The Kindness of a Stranger Makes Memories in the Marquesas Islands
I sometimes wonder what makes a trip memorable. I’ve traveled around 97 countries and six territories and, honestly, there are times when I can’t remember what country I am in, much less which city. My memories of destinations are sometimes indistinct. I can see the houses, the streets, the people, and even recall specific situations, but for the life of me, I can’t remember where they occurred. On the other hand, some places are indelibly etched into my psyche. The ancient Incan city of Machu Picchu blazing gold under a setting sun. Holding hands with the Dalai Lama in Washington D.C. My very first sighting of wild elephants, zebras, and giraffes on safari in Tanzania. But most often, it’s a simple act of kindness or generosity that makes a place memorable. This is precisely what happened in the Marquesas Islands.
Flowers are an important part of the culture and history of French Polynesia. Passengers arriving in Tahiti are presented with handmade floral leis as they disembark planes. The air is heavily scented by trees and bushes that bloom year-round. However, it is in the remote Marquesas Islands where flowers are inextricably woven into the fabric of everyday life. Here the women wear elaborate handmade floral headdresses. Though often referred to as simply “hei,” the formal name for these headdresses is “umu hei.” A contraction of two Polynesian words, “umu” means aphrodisiac or inflamed, and “hei” is the Polynesian word for wreath. Women believe that wearing a crown of flowers heightens their sensuality and makes them more attractive to the opposite sex.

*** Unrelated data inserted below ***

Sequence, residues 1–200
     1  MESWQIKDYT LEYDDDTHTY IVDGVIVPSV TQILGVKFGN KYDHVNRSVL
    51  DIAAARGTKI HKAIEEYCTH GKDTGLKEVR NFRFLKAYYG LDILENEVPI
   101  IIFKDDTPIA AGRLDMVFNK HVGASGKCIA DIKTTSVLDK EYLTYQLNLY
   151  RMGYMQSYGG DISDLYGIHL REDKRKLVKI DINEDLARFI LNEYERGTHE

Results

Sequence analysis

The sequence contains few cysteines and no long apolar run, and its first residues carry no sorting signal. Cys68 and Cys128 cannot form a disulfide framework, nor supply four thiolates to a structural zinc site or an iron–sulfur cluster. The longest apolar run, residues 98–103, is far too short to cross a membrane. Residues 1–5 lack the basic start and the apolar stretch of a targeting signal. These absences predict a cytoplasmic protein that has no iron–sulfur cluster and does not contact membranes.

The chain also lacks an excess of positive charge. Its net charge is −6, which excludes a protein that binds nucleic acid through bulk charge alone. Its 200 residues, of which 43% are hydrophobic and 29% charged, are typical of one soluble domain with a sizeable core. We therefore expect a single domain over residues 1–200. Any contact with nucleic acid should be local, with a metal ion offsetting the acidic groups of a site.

Nowhere is the tradition of wearing umu hei more prevalent than on the island of Fatu Hiva, and it was here I watched Mama Sara, the island’s head crafter, demonstrate how to make them. She wove broad, sturdy Pandanus leaves together with indigenous blossoms such as Ylang-Ylang, Blue Ageratum, Miri, Tiare, Plumeria, and Jasmine. The crown was finished off with fresh chunks of pineapple rolled in powdered Sandalwood, an aphrodisiac said to be irresistible to Polynesian men. We passed the finished garland around, inhaling deeply of the aromatic fragrance. It was heavenly!
As passengers began heading back to the cruise ship I held back, hoping to snap a few photos of mamas wearing their umu hei. One woman graciously allowed me to take her portrait. Her face broke into a huge smile when I turned the camera around to show her my photo. Before I could even lower the camera, she removed her umu hei and placed it on my head. I was touched and humbled that she chose to honor me with such a heartfelt gift. The following evening, I wore my umu hei to the Polynesian Feast on board the Aranui 5, where I was the envy of my table.
The stunning scenery, the traditional dinners, and the dance performances I witnessed in the Marquesas Islands were all remarkable. But French Polynesia will always rank among my most memorable trips because of this simple act of kindness from a total stranger.
Disclosure: I was a guest of Aranui during my French Polynesia cruise. However, the receipt and acceptance of complimentary items or services will never influence the content, topics, or posts in this blog. I write the truth, the whole truth, and nothing but the truth.